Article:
Insurance gender bias stays

22 September 2004
A Lords committee has backed a proposal not to ban gender bias from the calculation of insurance premiums, as it would increase the costs for consumers.

An EU Commission proposal had suggested banning the use of gender to decide insurance charges, but evidence shows the cost of insurance for consumers would rise, in particular for women.

Additionally, the ban would prevent companies from pricing risk effectively.

The ABI (Association of British Insurers) has welcomed the Committee's view that the European Commission should carry out a thorough impact analysis of its proposals before proceeding any further.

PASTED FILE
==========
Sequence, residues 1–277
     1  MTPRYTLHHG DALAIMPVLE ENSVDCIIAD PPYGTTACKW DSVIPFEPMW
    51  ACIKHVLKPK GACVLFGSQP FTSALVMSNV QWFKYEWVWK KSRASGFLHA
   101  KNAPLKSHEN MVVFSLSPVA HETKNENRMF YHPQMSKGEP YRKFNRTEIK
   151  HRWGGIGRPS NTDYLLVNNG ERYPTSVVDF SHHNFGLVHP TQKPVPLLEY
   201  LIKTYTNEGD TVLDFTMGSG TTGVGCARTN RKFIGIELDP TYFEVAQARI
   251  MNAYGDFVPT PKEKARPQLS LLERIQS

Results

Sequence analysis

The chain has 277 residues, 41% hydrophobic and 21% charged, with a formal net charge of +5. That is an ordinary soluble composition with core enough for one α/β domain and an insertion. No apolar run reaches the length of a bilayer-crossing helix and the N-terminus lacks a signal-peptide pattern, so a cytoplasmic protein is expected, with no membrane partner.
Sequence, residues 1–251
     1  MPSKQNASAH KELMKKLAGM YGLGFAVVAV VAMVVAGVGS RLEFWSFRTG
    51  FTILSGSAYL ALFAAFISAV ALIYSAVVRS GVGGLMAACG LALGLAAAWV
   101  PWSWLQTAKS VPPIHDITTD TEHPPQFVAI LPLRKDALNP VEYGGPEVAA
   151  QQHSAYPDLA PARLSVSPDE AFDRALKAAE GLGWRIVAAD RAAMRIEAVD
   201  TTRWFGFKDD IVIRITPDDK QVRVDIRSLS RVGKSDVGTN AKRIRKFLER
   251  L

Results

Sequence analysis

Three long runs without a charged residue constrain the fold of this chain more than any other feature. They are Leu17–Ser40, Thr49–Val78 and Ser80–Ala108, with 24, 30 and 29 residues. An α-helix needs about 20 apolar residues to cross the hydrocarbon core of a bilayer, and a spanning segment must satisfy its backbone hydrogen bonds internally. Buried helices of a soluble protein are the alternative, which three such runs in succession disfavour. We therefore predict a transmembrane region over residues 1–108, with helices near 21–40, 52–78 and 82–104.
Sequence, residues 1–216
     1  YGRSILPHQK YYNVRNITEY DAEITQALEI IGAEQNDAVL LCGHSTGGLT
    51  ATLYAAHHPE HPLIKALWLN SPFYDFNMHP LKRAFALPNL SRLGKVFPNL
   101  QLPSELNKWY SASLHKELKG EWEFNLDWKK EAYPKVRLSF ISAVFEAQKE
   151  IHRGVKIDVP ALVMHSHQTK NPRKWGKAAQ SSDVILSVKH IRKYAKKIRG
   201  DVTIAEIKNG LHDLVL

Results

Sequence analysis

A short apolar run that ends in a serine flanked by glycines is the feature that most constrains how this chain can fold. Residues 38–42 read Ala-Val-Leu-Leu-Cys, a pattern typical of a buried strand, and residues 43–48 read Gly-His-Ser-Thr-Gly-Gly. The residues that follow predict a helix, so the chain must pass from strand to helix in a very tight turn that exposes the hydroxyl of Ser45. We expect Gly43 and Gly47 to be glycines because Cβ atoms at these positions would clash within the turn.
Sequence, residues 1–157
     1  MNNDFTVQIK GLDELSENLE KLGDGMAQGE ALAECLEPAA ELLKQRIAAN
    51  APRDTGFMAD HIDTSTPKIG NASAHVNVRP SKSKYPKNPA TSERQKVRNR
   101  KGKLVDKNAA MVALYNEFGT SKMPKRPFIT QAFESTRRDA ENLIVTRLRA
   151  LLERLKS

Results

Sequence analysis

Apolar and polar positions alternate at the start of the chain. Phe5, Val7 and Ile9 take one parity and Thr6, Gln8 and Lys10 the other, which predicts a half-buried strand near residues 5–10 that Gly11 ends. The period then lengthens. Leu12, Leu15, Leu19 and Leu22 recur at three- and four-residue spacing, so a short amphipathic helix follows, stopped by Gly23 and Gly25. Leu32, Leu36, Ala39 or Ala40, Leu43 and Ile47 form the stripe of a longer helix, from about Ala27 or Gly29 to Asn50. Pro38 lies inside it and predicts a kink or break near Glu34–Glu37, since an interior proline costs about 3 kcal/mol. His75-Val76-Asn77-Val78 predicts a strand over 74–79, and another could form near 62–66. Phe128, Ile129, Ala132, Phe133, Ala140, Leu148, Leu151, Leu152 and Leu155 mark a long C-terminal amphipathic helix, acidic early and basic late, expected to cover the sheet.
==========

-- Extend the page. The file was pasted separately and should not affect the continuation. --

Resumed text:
The deputy director general of the ABI, Stephen Sklaroff, described the UK's existing insurance system as "reliable and objective".

He added: "The Commission's proposals as currently drafted would have the perverse effect of forcing women to pay more for their motor and life insurance.

"We endorse the Committee's view that other initiatives are needed to close what we have called the 'gender pensions gap'. We have recently proposed a package of measures to help achieve this."

The next EU ministerial meeting will be held on October 4th, where there should be strong opposition among the member states to the Commission's current position.
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